Purdue University Graduate School
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KK Brewer-MS Thesis.pdf (2.45 MB)

DYNAMIC CILIARY LOCALIZATION IN THE MOUSE BRAIN

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posted on 2024-06-03, 18:56 authored by Katlyn M BrewerKatlyn M Brewer

Primary cilia are hair-like structures found on nearly all mammalian cell types, including cells in the developing and adult brain. Cilia establish a unique signaling compartment for cells. For example, a diverse set of receptors and signaling proteins localize within cilia to regulate many physiological and developmental pathways including the Hh pathway. Defects in cilia structure, protein localization, or cilia function lead to genetic disorders called ciliopathies, which present with various clinical features including several neurodevelopmental phenotypes and hyperphagia associated obesity. Despite their dysfunction being implicated in several disease states, understanding their roles in CNS development and signaling has proven challenging. I hypothesize that dynamic changes to ciliary protein composition contributes to this challenge and may reflect unrecognized diversity of CNS cilia. The proteins ARL13B and ADCY3 are established ciliary proteins in the brain and assessing their localization is often used in the field to visualize cilia. ARL13B is a regulatory GTPase important for regulating cilia structure, protein trafficking, and Hh signaling, while ADCY3 is a ciliary adenylyl cyclase thought to be involved in ciliary GPCR singaling. Here, I examine the ciliary localization of ARL13B and ADCY3 in the perinatal and adult mouse brain by defining changes in the proportion of cilia enriched for ARL13B and ADCY3 depending on brain region and age. Furthermore, I identify distinct lengths of cilia within specific brain regions of male and female mice. As mice age, ARL13B cilia become relatively rare in many brain regions, including the hypothalamic feeding centers, while ADCY3 becomes a prominent cilia marker. It is important to understand the endogenous localization patterns of these proteins throughout development and under different physiological conditions as these common cilia markers may be more dynamic than initially expected. Understanding regional and development associated cilia signatures and physiological condition cilia dynamic changes in the CNS may reveal molecular mechanisms associated with ciliopathy clinical features such as obesity.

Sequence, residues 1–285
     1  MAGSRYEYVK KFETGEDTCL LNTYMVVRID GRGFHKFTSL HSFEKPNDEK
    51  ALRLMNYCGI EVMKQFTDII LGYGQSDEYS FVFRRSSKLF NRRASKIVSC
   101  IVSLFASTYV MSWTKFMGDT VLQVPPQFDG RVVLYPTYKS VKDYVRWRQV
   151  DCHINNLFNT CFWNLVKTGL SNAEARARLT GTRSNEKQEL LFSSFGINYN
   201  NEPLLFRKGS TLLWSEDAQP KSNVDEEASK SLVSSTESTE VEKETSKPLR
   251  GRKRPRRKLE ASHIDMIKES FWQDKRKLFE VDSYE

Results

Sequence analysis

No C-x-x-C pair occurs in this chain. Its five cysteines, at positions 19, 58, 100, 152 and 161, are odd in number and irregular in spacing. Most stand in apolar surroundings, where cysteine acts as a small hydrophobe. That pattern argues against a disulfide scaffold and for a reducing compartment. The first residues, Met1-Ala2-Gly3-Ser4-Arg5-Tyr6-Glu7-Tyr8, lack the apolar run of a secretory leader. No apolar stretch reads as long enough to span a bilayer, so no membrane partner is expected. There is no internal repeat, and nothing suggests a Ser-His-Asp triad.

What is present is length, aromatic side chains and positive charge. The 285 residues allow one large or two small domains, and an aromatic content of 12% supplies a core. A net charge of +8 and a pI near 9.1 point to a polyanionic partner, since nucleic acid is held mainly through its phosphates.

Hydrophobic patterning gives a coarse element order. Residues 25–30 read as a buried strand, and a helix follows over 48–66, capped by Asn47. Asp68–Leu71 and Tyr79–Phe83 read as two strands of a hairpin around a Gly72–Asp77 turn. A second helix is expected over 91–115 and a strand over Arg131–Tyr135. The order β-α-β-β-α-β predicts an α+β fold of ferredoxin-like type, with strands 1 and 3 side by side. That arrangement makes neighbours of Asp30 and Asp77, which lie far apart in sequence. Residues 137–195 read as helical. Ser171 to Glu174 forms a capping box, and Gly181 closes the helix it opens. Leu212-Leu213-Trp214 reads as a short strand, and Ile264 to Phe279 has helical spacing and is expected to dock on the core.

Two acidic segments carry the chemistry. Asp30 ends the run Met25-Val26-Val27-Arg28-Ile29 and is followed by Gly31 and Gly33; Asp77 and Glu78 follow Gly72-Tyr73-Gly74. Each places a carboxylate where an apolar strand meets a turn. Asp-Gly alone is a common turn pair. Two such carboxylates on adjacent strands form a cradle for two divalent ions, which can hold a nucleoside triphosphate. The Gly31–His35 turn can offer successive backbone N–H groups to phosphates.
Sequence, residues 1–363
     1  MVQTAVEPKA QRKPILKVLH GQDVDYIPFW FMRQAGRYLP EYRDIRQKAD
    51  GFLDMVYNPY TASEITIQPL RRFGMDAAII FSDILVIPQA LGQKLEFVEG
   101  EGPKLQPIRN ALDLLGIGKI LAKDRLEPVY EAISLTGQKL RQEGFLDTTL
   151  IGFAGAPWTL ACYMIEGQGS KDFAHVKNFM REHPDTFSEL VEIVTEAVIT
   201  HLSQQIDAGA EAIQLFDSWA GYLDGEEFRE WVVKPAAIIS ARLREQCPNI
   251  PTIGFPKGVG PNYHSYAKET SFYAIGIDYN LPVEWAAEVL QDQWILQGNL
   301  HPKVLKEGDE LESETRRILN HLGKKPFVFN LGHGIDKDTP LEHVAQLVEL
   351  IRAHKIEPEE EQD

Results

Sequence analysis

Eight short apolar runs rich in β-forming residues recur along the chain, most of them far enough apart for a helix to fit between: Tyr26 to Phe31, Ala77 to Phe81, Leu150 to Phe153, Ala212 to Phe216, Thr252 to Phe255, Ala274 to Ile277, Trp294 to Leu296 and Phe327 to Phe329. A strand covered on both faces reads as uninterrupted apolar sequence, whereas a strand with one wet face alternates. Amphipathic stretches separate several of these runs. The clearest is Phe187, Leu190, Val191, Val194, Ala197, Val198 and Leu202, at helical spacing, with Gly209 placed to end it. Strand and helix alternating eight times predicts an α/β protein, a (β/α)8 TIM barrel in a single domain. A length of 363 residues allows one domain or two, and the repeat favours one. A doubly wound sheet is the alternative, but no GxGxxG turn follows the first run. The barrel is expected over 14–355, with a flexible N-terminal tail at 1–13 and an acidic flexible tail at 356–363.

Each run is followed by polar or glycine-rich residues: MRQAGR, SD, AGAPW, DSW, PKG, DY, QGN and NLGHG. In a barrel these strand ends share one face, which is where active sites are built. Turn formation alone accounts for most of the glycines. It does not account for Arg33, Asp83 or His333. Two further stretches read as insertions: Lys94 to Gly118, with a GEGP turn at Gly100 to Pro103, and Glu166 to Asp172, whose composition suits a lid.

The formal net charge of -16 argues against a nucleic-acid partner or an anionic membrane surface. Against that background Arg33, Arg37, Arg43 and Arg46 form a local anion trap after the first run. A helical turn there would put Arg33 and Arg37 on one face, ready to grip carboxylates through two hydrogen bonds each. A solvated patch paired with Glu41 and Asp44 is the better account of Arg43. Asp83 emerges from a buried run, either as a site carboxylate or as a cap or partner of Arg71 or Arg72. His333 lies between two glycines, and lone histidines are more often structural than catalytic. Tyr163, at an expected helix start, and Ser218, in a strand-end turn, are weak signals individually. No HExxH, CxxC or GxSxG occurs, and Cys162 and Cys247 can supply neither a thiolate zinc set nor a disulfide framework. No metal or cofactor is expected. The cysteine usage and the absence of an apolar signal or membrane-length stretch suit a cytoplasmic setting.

Funding

Ciliary Mchr 1 Signaling in Feeding Behavior and Obesity

National Institute of Diabetes and Digestive and Kidney Diseases

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History

Degree Type

  • Master of Science

Department

  • Biological Sciences

Campus location

  • Indianapolis

Advisor/Supervisor/Committee Chair

Nicolas F. Berbari

Additional Committee Member 2

Teresa Mastracci

Additional Committee Member 3

Lata Balakrishnan